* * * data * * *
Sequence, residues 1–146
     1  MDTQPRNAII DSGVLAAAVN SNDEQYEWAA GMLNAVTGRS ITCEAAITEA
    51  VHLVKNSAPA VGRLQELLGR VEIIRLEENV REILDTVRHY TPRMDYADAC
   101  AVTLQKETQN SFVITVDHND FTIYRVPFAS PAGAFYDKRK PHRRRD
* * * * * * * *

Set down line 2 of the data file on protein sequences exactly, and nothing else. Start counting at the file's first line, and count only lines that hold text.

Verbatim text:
     1  MDTQPRNAII DSGVLAAAVN SNDEQYEWAA GMLNAVTGRS ITCEAAITEA